Vaccinated? Here is why you’d need to preserve this to your self
A nurse in the intensive care unit at Poudre Valley Hospital shows her vaccination card after receiving the first round of Covid-19 vaccines at UC Health Poudre Valley Hospital on December 14, 2020 in Fort Collins, Colorado.
Helen H. Richardson | The Denver Post | Getty Images
It’s tempting to tell the world the moment you get a covid shot. But there is reason to contain it.
If you first share a photo of your vaccination card on social media, you are a potential target of identity theft, according to the Better Business Bureau.
The personal information on the card, including your full name and birthday, not only leaves you vulnerable to scammers but also provides all the information they need to create and sell counterfeit cards online. (These cards are often given after vaccine recipients have their first dose.)
If you want to report on your vaccine, there are safer ways to do it, advised the Better Business Bureau.
Instead, share a photo of your vaccine sticker or change your privacy settings so only friends and family can see your posts.
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Such visual displays are key to spreading a positive public health message about the Covid-19 vaccine, according to the Centers for Disease Control and Prevention. And they can go a long way in building confidence and encouraging others to vaccinate.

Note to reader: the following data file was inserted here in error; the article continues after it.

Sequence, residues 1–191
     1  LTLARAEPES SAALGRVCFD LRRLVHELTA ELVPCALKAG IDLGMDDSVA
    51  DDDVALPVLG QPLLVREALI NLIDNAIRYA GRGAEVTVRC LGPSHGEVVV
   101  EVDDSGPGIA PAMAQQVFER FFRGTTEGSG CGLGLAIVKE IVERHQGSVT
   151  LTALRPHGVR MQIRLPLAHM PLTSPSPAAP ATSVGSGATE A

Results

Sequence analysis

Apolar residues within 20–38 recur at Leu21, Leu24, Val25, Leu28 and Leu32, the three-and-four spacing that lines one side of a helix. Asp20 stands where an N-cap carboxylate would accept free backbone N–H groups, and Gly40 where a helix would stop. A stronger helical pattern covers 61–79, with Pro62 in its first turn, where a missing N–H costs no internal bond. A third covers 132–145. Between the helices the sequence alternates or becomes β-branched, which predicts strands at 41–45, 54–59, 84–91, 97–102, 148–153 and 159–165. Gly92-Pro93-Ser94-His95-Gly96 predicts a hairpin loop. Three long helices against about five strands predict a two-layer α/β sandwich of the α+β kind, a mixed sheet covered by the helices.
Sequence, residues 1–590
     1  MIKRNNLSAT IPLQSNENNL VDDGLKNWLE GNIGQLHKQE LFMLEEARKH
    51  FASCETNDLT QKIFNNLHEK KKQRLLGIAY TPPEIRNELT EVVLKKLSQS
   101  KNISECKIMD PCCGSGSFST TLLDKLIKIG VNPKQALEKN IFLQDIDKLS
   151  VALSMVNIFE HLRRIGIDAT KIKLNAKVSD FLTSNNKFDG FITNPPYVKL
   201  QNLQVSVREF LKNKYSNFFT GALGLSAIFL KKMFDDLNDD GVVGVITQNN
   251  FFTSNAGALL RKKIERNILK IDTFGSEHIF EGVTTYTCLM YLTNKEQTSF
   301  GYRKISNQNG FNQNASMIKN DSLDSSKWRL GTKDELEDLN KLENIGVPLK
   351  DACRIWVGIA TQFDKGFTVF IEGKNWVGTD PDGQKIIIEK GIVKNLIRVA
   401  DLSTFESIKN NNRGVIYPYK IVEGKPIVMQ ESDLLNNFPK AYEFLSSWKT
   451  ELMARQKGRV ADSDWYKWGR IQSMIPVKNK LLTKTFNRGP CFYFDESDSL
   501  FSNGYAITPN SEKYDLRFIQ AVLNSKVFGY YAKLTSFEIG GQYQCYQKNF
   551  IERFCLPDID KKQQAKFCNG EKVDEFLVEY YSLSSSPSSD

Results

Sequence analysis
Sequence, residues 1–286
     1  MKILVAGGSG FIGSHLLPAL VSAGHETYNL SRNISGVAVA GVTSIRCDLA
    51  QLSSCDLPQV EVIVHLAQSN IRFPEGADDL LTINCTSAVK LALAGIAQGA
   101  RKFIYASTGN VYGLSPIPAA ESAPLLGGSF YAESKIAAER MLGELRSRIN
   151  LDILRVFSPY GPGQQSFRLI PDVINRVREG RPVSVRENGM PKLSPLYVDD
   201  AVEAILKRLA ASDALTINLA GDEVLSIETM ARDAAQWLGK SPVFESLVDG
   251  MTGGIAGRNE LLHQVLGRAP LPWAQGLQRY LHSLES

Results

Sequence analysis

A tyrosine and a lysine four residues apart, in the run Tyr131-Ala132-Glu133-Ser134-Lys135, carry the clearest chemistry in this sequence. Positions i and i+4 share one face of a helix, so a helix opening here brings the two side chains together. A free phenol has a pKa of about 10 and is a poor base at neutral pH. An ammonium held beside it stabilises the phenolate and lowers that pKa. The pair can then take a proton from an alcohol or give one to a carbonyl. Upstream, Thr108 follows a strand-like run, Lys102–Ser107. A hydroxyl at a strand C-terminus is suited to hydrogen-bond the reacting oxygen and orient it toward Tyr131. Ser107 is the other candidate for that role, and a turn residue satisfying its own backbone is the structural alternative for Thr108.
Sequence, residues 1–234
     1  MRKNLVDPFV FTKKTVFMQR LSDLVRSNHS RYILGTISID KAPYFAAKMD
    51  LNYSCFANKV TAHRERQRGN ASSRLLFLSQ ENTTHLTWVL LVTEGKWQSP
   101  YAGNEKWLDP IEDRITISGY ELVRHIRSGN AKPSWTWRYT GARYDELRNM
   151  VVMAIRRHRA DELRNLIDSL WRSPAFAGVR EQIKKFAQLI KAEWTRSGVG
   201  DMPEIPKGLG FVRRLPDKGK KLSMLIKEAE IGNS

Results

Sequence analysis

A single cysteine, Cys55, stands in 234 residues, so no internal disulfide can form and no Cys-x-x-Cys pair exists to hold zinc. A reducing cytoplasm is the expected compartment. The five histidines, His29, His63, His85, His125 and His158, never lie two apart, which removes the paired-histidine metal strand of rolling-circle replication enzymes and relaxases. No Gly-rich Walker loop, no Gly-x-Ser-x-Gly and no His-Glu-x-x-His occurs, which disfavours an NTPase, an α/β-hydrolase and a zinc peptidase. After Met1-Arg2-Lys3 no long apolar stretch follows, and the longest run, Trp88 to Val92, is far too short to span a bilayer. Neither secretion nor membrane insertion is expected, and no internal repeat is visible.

However, given the limited supply and hard-to-find dates, publishing about vaccinations, possibly in front of high-risk candidates, is also a murky moral dilemma – especially given the growing inequality in vaccine distributions.
Given the limited supply, “there is some inherent conflict there,” said Steven Thrasher, Professor and Daniel H. Renberg Chair of Social Justice at Northwestern University. “We have to deal with the introduction of this vaccine.”
Instead of figuring out how to get your own vaccine appointment, you are helping others without the same amount of time and resources, he said.
According to the CDC, more than 48.4 million doses of the vaccine have been distributed in the US to date. Of those who received a first dose, 55% were over 50 years old.
“There will always be someone in need who is more in need,” said Zoe McLaren, associate professor in the School of Public Policy at the University of Maryland, Baltimore County.
“We want to encourage everyone to get vaccinated and to be proud to be vaccinated, but until we have enough doses for everyone, we want to make sure that those doses go to the people who are most at risk,” she said.
Until we have enough doses for everyone, we want to make sure those doses go to the people who are most at risk.
Associate Professor at the University of Maryland, Baltimore County
If you’re not on a prioritized group, you can wait until you sign up or pick an appointment in two weeks instead of tomorrow, advised McLaren.
Instead of writing about the vaccination, write “I can’t wait to be vaccinated”.
“Post in a way that encourages people to get vaccinated but gives priority to risk groups,” she said – and “refocus our efforts on building a better system until vaccine supplies increase.”
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